If you have a roommate, you should probably keep your pants on. Even if you think your roommate is gone for the day -- all the way in Orange County, which is practically another planet. Even if you've finished a five-mile run, and your pants are sweat-soaked, and you've just peed, and you're about to hop in the shower, which is running. So, really, what's the point of putting your pants back on while you pluck your eyebrows with the bathroom door wide open?
The point is that your roommate might return unexpectedly -- with your weekend house guest in tow -- and for a split second things will seem normal because you're still wearing a tank top, but then he'll glance down and look! No pants! Someone will say "Oh my god." Front door and bathroom door will slam in awkward unison.
I've known Lei since we were teenagers. We went to high schools on opposite sides of town, but we'd run into each other at Food Not Bombs feedings (which, at least in Tempe, AZ in 1996, was more about having a picnic in the park than it was about feeding the homeless). Lei didn't talk much at FNB meetings. He was the bespectacled Asian kid who showed up and doled out scoops of couscous to the gutter punks, kept his mouth shut, and then disappeared as mysteriously as he came. He seemed like a weirdo, and I vowed to make him my friend. I didn't really succeed until after he'd moved to Berkeley for college and I started writing him letters. Eventually, I'd make frequent trips to the Bay Area, and we'd hang non-stop in Phoenix when he'd come home for the summer and holidays.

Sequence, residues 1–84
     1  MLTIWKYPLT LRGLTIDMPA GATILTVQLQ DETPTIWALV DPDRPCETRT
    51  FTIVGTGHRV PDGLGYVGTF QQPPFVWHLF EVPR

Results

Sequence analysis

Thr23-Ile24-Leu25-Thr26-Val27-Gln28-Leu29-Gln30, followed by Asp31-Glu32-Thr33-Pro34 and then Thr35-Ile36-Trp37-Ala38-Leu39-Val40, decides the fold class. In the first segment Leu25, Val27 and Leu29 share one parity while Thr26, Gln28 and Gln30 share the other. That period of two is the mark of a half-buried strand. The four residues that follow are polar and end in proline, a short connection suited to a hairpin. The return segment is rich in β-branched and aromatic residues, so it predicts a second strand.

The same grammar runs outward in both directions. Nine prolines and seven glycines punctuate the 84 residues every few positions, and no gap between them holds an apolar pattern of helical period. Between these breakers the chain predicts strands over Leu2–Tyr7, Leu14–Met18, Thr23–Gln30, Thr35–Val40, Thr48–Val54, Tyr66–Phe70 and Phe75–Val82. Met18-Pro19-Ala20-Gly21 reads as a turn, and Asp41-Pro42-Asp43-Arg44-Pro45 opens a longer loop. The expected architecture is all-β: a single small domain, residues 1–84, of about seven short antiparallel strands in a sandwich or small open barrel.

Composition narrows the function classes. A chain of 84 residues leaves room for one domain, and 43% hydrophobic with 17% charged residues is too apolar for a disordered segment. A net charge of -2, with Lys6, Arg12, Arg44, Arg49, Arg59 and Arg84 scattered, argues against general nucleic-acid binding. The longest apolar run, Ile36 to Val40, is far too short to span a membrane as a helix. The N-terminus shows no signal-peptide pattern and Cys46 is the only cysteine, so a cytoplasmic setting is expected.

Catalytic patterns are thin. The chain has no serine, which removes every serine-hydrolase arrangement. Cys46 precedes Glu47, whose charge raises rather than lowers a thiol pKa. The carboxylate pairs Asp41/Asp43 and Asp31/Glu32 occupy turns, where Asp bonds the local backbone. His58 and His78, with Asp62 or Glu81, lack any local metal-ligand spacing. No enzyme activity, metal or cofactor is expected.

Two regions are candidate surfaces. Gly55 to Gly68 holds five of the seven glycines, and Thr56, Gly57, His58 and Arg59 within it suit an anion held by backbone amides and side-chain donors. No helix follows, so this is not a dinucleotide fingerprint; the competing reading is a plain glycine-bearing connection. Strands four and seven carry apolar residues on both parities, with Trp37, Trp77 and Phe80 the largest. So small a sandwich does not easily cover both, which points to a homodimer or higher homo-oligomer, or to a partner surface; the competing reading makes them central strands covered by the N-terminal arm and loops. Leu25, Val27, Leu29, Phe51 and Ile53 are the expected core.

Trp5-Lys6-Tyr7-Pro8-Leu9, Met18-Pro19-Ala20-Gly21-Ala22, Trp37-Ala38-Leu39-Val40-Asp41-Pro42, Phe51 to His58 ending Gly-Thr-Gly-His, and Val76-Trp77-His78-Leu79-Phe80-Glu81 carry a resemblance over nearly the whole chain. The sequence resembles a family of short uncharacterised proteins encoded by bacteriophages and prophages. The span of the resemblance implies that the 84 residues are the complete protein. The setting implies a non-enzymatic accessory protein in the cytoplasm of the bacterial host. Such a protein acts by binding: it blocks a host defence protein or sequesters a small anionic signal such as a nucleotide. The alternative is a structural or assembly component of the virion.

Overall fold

We lived together during the two years we were in grad school, both at U.C.L.A. getting our master's in information science. And all these years, he'd never seen my beaver. So is our friendship fundamentally changed? No, of course not, but I do think it's funny considering our old pact. When we were in our early 20s, we agreed that if we were both single at 30 (or was it 31? or 32?), that we'd marry each other. And here we are -- around the designated age, living together again -- and Lei catches a glimpse of my ladyparts and we're both horror-stricken. So, marriage? Seems laughable, but I should point out that he's become my emergency contact for every piece of paperwork I fill out these days. Maybe we'll just wind up common law.